Of course, the elephant looms in the room. Chinese consumers have a “savings glut” problem – that is, they save substantially more than their counterparts in countries at comparable levels of average GDP per capita. Fixing consumption in the country requires taking on iii), i.e., encouraging households to save less, and spend more (without incurring excess debt). This is best accomplished through addressing the root causes of the savings glut in China – generalized anxieties and concerns over livelihood questions. Some would argue that the most pressing livelihood problems constitute the surging housing prices and radical socioeconomic inequalities seen in cities, yet such accounts do not seem to do justice to instances where consumption growth has occurred despite widening inequalities (e.g. in America and South Korea). Others would posit that it is the spike in unemployment induced by the past few years of the pandemic and pandemic measures – yet this does not explain the fact that China has long had unusually high savings rates, since the end of the 1990s.
The real answer, I suggest, lies with the challenges confronting private entrepreneurship and businesses in the status quo, as well as the lack of a robust consumption culture. Individuals are more likely to spend if they perceive there to be a moderately viable, clear, and abundant range of economic pathways that they can pursue in advancing their own self-interests. From private entrepreneurship to start-up and innovation, from high-end professional services to retail SMEs, the decades since reform and opening-up had seen China catapulted into unprecedented economic heights through tapping into the creativity of the private economy and sector. At times like these, it is vital that we rekindle the animal spirits of the private sector, and offer the space and room for private entrepreneurship to once again grow. As Premier Li Qiang aptly declared, “Our private entrepreneurs will continue to write their exciting entrepreneurship stories.”11 This is a most reasonable policy prescription given the trying times in which we find ourselves.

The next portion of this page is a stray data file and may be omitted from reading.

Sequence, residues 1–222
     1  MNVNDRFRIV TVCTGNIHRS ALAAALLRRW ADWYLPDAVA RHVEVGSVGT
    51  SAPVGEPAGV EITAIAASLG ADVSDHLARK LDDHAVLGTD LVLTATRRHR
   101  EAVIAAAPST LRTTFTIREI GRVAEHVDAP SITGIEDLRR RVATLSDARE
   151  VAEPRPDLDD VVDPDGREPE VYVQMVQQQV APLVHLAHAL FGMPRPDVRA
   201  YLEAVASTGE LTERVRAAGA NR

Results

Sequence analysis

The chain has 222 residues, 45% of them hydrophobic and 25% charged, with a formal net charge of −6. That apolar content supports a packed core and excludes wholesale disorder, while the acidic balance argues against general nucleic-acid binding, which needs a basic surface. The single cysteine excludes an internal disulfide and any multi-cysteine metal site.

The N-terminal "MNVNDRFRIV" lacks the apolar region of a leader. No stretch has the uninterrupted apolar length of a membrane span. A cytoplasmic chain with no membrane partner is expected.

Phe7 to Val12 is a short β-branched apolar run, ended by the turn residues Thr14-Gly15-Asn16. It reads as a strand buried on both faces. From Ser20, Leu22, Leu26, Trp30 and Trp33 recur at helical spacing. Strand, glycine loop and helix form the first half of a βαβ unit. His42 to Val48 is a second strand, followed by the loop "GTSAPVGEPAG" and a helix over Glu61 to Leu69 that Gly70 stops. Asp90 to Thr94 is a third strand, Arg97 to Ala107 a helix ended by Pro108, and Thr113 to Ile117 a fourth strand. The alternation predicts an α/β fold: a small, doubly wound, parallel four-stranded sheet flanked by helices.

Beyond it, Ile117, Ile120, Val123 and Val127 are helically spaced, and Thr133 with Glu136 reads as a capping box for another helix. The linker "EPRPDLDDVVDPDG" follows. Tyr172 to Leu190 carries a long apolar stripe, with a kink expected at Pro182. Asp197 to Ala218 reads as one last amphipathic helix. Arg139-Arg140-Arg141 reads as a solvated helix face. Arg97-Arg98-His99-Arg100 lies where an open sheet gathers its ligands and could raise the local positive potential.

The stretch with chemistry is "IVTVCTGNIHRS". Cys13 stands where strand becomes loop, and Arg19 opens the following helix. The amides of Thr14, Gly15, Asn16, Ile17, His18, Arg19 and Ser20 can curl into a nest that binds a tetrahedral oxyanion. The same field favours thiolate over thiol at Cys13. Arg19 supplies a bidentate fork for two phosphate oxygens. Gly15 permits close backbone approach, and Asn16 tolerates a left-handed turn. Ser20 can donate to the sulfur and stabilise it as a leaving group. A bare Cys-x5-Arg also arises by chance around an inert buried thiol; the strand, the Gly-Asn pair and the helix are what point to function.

Furthermore, it is vital that consumption be normalized and accepted as a part-and-parcel component of standard economic activities. The thought that we cannot consume, on grounds that it is a signal of flagrant profligacy, should not be conflated with an all-round and total inhibition of the desire to spend. Healthy and balanced consumption of goods – including luxury goods – is critical in developing a multi-faceted culture where individuals are at ease with leading plural, flourishing lives of recreation and leisure. Consumption underpins and drives the modern lifestyle economy, which in turn nourishes the civilizational and spiritual quality of society at large. As China transitions into a higher-income economy, it is vital that consumption be treated as a constructive and serious part of the social fabric.
Looking to the Future
As China emerges from the shadows of the pandemic of the past few years, it is high time for the economy to seize upon the opportunities afforded to it by the recovery, in undertaking more systematic and sustainable reforms – to gear the economy up for the challenges that lie ahead. Boosting domestic consumption will indubitably be an arduous and at times frustrating process. Yet uniquely, the Chinese government certainly possesses the staying power and political resolve to see through decisions that may well be temporarily unpopular or difficult to execute. It is with this in mind that we must look towards a future where consumption comes to serve as a core pillar of the renewed Chinese economic miracle.